It could take generations – the Tories aren’t going to do it and Starmer has made it perfectly clear he’s going to be just as intractable

Buoyed by those more favourable poll results – and others for England – Scottish Labour already has many of its candidates in place and its UK leader Keir Starmer has increased his visits to Scotland as the party eyes a return to first place. He’s promised to base a new green energy company north of the border, and continues to resist any suggestion that the party should end its opposition to indyref2, as does Tory PM Rishi Sunak. And so whether the Tories or Labour hold the keys to Number 10 at the next time of asking, Yousaf’s challenge remains largely the same.

The relationship between Edinburgh and London has long been fractious, but with the latter’s block to the former’s Gender Recognition Reform Bill and Deposit Return Scheme, it has reached a new low. Collier says this “moribund, constantly-agitated state” has a bearing on Yousaf’s likelihood of success, if indeed the SNP gets its general election victory. “You’re appealing to the better nature of Labour and the Tories. Where does that one go?”

The Supreme Court challenge was a “critical moment” that “took the ability from the Scottish Parliament to actually run its own referendum” by forcing the justices to issue a decision, he says. “Donald Dewar boxed this all up in the Scotland Act. He knew what he was doing. It was done exactly to stop this kind of scenario arising.

“Humza has got some very good legal minds, his thinking in many ways is right, he has to do something to manage the party. He’s a fundamentally decent guy, and I think that is really coming over well. But where does he go? Where can anybody go when they’re so boxed in by what Scotland can and can’t do? It’s bolted down, isn’t it? It could take generations – the Tories aren’t going to do it and Starmer has made it perfectly clear he’s going to be just as intractable. If the Lib Dems get another whiff of power in coalition, the one bargaining chip they are not going to put on the table is Scottish independence.”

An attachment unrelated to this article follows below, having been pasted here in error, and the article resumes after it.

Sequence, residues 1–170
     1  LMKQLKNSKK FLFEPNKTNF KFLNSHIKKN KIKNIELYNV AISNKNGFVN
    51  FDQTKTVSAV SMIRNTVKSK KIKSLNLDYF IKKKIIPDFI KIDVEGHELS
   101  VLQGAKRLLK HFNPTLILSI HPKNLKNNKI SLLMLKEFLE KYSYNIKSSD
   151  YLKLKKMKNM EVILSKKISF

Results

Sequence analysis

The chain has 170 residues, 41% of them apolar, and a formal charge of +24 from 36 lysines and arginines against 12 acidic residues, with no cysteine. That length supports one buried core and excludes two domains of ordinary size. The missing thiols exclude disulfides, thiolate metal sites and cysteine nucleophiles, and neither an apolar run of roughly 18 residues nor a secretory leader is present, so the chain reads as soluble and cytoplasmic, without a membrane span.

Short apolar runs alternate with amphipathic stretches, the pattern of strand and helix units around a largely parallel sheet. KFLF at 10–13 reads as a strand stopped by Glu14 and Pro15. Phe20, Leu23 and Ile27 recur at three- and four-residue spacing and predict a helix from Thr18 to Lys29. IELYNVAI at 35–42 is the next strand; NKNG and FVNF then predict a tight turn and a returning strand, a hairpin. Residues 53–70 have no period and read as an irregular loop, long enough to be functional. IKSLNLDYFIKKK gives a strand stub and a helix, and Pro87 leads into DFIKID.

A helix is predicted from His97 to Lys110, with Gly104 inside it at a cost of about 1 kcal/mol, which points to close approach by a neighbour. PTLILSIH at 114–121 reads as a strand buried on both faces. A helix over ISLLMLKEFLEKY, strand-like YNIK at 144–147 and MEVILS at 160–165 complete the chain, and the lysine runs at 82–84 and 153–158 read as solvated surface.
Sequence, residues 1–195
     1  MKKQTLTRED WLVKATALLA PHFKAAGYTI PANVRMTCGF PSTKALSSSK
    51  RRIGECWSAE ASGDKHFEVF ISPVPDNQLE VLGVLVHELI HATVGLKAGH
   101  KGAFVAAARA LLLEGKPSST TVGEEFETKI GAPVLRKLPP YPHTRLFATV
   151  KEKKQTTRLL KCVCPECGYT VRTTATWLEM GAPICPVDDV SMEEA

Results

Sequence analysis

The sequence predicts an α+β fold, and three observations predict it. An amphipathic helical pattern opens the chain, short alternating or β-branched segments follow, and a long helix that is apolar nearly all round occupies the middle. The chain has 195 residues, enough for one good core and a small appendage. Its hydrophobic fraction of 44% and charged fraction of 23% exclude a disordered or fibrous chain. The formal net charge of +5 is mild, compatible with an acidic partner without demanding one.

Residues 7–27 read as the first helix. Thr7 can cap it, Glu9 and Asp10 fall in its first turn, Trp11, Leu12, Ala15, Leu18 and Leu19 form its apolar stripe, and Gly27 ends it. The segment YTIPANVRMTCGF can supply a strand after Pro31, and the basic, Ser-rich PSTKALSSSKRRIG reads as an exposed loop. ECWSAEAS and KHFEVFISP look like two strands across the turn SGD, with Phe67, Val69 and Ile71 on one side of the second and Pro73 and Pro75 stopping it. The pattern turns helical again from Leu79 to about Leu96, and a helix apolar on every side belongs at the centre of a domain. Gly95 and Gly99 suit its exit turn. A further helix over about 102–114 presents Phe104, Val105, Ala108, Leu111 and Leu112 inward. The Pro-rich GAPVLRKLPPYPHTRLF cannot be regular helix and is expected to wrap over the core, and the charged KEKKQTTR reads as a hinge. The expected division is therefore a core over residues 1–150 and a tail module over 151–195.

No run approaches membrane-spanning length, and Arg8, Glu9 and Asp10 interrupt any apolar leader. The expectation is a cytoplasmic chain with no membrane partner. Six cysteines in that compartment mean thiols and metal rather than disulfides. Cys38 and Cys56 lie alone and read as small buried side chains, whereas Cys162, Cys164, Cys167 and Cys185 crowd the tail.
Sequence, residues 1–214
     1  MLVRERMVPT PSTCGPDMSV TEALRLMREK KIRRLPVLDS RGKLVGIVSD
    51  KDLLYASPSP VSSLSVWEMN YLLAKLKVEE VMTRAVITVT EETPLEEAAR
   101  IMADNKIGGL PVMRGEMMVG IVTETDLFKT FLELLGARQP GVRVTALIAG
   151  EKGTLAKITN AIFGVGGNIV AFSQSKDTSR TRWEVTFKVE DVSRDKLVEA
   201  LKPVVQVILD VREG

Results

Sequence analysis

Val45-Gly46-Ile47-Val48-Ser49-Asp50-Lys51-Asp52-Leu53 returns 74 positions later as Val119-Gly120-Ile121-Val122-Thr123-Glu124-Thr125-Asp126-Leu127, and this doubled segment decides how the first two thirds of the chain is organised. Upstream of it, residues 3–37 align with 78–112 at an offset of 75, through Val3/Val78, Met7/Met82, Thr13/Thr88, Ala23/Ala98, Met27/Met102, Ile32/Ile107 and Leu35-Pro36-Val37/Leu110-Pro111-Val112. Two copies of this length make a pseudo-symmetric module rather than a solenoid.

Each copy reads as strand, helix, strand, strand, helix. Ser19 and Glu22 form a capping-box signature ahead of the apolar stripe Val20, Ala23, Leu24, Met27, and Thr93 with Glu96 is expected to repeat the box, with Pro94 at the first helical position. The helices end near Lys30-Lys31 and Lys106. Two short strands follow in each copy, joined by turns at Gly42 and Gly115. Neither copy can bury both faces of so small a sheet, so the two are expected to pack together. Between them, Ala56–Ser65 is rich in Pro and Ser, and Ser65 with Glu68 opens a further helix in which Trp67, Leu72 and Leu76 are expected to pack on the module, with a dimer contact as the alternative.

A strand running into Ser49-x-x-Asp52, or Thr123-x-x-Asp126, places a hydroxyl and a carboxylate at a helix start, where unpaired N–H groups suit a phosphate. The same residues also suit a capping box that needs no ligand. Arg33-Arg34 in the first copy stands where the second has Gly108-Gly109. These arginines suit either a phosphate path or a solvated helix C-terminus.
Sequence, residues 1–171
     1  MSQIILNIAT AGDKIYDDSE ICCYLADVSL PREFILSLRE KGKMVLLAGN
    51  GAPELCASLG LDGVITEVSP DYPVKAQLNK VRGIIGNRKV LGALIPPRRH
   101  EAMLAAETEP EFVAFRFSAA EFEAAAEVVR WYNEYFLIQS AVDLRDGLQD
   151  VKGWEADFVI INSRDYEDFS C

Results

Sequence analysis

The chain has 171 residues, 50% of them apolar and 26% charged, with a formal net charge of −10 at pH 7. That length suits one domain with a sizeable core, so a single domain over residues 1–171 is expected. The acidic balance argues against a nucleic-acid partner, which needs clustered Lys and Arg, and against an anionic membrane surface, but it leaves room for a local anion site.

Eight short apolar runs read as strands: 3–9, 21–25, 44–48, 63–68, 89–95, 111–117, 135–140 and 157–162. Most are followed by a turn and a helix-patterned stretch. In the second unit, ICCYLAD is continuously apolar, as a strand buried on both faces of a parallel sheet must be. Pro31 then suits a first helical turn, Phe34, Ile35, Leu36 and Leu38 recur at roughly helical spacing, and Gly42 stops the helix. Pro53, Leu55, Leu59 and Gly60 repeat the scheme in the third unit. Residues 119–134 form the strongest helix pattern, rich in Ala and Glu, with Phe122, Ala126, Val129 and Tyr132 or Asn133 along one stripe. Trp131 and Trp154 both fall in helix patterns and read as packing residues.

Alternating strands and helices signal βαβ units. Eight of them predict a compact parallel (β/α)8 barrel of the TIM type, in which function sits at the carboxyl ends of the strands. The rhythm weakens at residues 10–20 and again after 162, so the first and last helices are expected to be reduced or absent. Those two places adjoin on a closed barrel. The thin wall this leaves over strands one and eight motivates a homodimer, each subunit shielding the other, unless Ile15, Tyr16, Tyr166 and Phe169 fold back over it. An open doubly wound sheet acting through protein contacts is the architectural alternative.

Dr Kirsty Hughes, the former director of the Scottish Centre on European Relations, says Yousaf is “aiming to give some big picture answers to moving towards independence”, which is “fine as far as it goes”. “What is really needed is substance if support for independence is to increase,” she says. The Scottish Government has issued its fourth independence position paper, on the case for a written constitution, and further papers are expected. “If there are serious proposals and analysis on economic and political benefits of independence over time, how transition will work – economically, politically, in moving to EU membership – then there can be serious debate,” Hughes says. 

“This strategy seems like a place card, and jumping ahead before that substance is there.”

The EU has other priorities – neither the UK nor Scotland are priorities

The Times reported that “EU sources” have rejected the idea of an envoy, saying Brussels “deals only with the official governments of third countries”. Hughes told Holyrood it is “not clear” how Yousaf’s envoy would operate, and so this may not offer a chance to take the independence debate forward. “There is already a head of the Scottish Government office in Brussels and a team there,” she says.

“If the envoy’s remit is purely independence then Commission officials won’t meet with someone to discuss what they will see as internal constitutional matters of a third country. And meeting with some diplomats or MEPs to outline independence aims doesn’t look like a full-time job. 

“If the context is an SNP general election win and a row with the UK Government over whether that’s a mandate for independence, then EU institutions will steer well clear of that. And the EU has other priorities – neither the UK nor Scotland are priorities. If a Scottish Government envoy has a broad remit and wants to engage on climate change, biodiversity, education and culture and so forth, then doors will open more easily, but the Scottish Government’s Brussels office already does that, so a more political envoy role might work but it would be difficult to pull off.”